company of Marines, met and repulsed the principal 
attack, and, following the fugitives along a causeway, 
stormed and captured the entrenched camp in gallant 
style. Major- General Sir Hugh Gough stated in his 
despatch, " I have to record my approval of the 
" spirited conduct of Captain JOHN GRATTAN, who 
" commanded the two leading companies of the 
" EIGHTEENTH across the causeway." The camp was 
burnt, and the magazines were destroyed. 

On the following morning a flag of truce was seen on 
the walls, and hostilities were suspended ; but procrasti- 
nation still appearing to be the object of the Chinese, 
preparations were made to attack the city by storm, and 
the ROYAL IRISH were under arms waiting for the signal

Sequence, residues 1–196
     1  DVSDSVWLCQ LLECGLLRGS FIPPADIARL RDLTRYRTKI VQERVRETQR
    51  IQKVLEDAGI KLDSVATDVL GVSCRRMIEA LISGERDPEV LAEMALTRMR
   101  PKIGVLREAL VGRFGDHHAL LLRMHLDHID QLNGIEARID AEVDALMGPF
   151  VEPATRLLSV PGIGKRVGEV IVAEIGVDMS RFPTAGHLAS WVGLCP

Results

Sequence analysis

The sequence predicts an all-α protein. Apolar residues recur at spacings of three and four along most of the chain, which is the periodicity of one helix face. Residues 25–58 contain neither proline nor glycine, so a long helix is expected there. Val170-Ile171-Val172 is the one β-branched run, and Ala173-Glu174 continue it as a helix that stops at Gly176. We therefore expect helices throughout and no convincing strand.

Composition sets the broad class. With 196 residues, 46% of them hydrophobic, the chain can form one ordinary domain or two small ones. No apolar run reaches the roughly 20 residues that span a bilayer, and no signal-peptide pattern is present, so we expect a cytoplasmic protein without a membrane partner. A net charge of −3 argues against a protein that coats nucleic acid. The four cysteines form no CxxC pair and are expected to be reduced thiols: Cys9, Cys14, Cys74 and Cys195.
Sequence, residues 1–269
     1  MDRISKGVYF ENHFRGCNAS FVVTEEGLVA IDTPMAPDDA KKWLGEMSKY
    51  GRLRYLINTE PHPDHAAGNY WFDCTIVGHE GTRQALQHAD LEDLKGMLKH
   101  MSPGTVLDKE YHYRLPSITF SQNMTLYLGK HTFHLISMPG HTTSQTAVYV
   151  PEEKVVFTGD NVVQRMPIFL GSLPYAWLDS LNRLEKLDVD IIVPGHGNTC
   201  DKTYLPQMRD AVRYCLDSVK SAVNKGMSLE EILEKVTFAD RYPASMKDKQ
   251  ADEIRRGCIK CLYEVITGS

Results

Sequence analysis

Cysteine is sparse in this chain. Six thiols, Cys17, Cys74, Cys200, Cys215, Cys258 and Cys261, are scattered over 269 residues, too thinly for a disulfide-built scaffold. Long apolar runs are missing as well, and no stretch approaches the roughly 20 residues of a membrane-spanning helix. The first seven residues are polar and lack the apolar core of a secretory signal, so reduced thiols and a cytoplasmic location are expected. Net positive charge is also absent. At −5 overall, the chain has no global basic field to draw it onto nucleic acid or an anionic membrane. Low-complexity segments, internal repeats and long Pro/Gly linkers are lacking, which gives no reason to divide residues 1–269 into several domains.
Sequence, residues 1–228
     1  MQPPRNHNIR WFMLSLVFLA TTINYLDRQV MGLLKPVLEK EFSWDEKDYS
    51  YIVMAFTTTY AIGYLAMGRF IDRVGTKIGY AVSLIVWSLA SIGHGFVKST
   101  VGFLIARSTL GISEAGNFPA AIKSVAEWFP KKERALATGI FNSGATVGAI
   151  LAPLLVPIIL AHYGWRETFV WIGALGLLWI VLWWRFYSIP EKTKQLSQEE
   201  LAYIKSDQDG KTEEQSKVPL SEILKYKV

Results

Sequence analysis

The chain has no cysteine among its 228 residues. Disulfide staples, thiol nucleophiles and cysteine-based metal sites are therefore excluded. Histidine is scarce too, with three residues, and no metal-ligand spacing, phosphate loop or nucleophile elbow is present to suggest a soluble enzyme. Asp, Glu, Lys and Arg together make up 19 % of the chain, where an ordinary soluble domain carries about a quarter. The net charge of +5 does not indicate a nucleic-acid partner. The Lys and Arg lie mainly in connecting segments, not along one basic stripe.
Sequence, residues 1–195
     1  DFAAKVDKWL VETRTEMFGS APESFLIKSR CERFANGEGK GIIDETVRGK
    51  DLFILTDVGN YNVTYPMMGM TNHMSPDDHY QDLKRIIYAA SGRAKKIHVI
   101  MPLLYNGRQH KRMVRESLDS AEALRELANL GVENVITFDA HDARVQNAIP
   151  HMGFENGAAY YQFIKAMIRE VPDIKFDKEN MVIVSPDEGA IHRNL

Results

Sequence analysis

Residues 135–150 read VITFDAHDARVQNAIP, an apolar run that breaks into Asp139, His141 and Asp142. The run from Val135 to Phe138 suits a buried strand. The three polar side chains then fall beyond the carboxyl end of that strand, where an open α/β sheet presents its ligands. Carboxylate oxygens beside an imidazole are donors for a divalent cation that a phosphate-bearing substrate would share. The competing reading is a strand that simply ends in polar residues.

to rush forward and achieve the conquest of the cele- 
brated city of Canton, when an agreement to terms 
suddenly prevented further hostilities, the Chinese 
paying six millions of dollars for the redemption of 
Canton, and opening the port for trade. 

The ROYAL IRISH regiment, commanded by Lieut- 
Colonel Henry William Adams, had two men killed ; 
Captain John James Sargent, Lieutenants George 
Milliard and David Edwards, and sixteen men 

On the 2nd of June, the regiment embarked for the 
ceded island of HONG-KONG, where it arrived in a few 
days ; and this station proving healthy and convenient, 
works were constructed for its protection. 


1841 The Emperor of China disregarded the stipulations 
of treaties, and issued a mandate for the extermination 
of the English who dared thus to insult his coasts and 
capture his towns, offering, at the same time, immense 
rewards for the heads of the British commanders, and 
even a large sum for the head of a private soldier. 
His decrees were responded to by depriving him of a